This one is as gross as it is surprising. I don’t really know how to tell you this, but there’s poop in your laundry. A report from ABC News states that there is about 0.1 gram of fecal material in a piece of underwear, which adds up to approximately 100 million E. coli bacteria in an average undergarment load. Yuck and yikes. And as many of us don’t use bleach and scalding water for laundry, much of that bacteria just takes a swirly swim and is up and running to contaminate our hands as we transfer to the dryer.

Wash all undergarments in the same load, and make it the last load of the day to avoid contaminating successive loads.
Add a few drops of tea tree oil to your laundry detergent, or use lavender or tea tree oil castille soap.
If you don’t use hot water for cleaning, consider using it just for underwear loads.
Don’t let laundry sit between wash and dry cycles, this gives germs a chance to multiply.
If you don’t dry your laundry on high heat for a full cycle, consider doing so just for underwear loads.
Wash hands after putting wet laundry in the dryer.
Don’t place dirty laundry on the folding/sorting table where clean laundry will be placed.
Don’t put clean laundry back in the dirty hamper to bring it back to the dresser.

I’m sorry to tell you this, but many garbage cans are cleaner than bathtubs, which can ring in at about 100,000 bacteria per square inch.

Use an anti-bacterial soft scrub (see formula below) once a week, paying special attention to soap scum and bath rings which can be a great breeding ground for germs.
Also use the soft scrub and a toothbrush for the drain and faucet/handle areas.
In addition, spray with straight white distilled vinegar weekly, which kills bacteria as well as mold.

The kitchen gets food spills, the bathroom gets toilet bowls splashes–bacteria heaven. Most of us aren’t touching or eating off the floor that often, but are kids might be!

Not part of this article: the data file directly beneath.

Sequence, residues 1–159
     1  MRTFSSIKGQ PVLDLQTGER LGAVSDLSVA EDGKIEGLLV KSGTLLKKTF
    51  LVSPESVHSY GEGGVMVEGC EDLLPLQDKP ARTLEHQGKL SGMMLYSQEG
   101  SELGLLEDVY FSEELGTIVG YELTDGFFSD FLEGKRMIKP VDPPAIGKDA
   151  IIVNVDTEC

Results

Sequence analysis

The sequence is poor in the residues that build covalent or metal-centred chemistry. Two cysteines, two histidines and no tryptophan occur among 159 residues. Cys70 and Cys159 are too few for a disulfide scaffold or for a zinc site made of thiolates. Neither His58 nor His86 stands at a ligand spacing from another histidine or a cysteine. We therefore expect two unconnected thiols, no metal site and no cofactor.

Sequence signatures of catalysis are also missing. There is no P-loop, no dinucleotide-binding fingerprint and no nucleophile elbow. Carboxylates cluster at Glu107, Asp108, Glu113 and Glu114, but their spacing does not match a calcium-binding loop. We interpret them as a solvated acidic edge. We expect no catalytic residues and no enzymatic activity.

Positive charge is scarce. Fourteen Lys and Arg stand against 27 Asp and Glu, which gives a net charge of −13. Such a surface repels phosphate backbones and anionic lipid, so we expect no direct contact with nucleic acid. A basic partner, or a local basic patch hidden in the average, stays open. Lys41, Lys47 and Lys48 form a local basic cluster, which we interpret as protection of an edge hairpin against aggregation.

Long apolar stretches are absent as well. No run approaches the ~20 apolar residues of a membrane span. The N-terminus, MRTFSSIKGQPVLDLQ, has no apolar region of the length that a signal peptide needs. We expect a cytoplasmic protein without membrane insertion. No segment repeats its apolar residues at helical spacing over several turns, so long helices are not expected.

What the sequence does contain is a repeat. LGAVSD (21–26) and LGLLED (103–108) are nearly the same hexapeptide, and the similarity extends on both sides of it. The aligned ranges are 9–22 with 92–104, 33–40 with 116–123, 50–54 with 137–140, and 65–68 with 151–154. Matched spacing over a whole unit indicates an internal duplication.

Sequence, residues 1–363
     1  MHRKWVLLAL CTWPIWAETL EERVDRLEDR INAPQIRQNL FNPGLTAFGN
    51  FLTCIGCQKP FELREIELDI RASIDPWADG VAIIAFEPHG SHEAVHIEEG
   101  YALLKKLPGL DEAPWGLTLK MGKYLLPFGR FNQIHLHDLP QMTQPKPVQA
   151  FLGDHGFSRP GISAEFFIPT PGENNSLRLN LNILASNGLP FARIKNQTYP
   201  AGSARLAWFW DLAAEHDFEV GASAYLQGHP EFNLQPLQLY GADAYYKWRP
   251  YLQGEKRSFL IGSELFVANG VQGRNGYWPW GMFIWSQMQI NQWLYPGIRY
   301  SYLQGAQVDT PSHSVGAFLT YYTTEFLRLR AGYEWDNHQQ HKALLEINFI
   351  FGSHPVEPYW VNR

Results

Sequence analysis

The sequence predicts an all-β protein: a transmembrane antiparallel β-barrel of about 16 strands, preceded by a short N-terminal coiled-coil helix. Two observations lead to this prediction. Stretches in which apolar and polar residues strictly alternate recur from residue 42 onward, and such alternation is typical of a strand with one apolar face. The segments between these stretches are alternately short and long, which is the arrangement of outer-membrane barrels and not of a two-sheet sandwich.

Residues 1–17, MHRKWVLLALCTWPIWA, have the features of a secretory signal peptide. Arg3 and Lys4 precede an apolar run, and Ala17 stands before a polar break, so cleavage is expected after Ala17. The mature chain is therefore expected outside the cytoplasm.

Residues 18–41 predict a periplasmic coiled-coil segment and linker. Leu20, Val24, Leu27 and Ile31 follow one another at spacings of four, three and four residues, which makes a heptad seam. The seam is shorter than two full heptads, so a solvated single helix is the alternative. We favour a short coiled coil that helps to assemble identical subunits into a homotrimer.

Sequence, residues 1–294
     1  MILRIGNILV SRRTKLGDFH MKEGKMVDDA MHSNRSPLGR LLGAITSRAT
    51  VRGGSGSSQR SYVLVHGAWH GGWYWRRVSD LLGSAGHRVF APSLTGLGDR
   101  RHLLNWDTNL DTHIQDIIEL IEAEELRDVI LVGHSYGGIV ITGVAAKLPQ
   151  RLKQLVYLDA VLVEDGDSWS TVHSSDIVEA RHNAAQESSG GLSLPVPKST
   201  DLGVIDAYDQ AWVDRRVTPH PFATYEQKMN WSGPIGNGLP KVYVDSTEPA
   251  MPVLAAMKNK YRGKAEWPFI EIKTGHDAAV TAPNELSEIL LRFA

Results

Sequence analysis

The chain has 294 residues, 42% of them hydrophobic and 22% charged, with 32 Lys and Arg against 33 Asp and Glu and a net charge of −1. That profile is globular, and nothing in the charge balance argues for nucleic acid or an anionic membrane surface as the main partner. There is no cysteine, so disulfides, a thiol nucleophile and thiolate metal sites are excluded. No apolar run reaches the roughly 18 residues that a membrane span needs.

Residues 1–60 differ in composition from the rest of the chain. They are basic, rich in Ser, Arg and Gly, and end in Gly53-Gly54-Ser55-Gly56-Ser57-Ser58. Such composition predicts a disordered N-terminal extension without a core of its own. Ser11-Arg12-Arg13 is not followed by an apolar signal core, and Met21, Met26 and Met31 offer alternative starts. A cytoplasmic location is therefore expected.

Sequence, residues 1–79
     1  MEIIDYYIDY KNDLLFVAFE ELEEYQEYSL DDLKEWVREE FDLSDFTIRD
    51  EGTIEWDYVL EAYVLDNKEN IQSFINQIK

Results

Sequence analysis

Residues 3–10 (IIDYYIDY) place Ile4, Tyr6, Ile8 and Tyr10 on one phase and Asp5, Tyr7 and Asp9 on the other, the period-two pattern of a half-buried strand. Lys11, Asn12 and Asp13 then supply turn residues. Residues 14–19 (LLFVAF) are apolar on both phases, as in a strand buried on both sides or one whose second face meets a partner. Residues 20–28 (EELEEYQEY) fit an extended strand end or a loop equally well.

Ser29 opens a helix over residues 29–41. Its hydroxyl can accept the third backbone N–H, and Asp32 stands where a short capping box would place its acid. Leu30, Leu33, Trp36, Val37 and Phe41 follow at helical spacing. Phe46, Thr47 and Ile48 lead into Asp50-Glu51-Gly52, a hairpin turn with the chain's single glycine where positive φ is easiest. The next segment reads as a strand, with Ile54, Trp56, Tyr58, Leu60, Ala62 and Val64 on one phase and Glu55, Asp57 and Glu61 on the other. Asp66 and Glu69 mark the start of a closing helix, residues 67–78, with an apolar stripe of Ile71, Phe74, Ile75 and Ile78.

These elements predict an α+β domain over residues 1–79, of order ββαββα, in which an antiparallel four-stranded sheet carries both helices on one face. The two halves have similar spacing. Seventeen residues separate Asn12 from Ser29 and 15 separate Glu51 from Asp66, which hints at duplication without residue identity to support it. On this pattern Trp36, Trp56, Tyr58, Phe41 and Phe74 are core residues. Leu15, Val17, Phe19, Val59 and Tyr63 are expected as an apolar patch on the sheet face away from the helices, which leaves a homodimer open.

Wipe us spills immediately to deter bacteria from multiplying.
Close the toilet seat before flushing to avoid spray.
Clean your kitchen and bathroom floors a hot-water, hard clean weekly, depending on what type of flooring you have (use the soft scrub below for tile). For more tips, read Easy Greening: Natural Floor Cleaning.
Spray around the toilet with straight white vinegar.

Not surprisingly, the kitchen garbage can is a germ magnet–food waste and a dark, moist environment makes bacteria so very happy.

Use a trashcan with a pedal opener to avoid having to touch the can regularly.
Use a stainless steel trash can–ions in stainless steel actually kill germs!
Take out the trash regularly.
Odor equals bacteria. Clean your bin once a week with the soft scrub formula below, and follow with a vinegar rinse.

Oh, kids and germs–they go together like peas and carrots. And once you factor in the germs from all the friends and classmates, that are transported into your home, sick-city.

Solution: Of course there’s always the old weekly bleach-dunk, but not for me, or anyone else concerned about our kids inhaling bleach fumes.
Opt for toys that are easy to clean.
Some toys can be put through the dishwasher.
Try a vinegar dunk.
Cloth toys can be washed in the washing machine.
Teach kids the importance of washing their hands.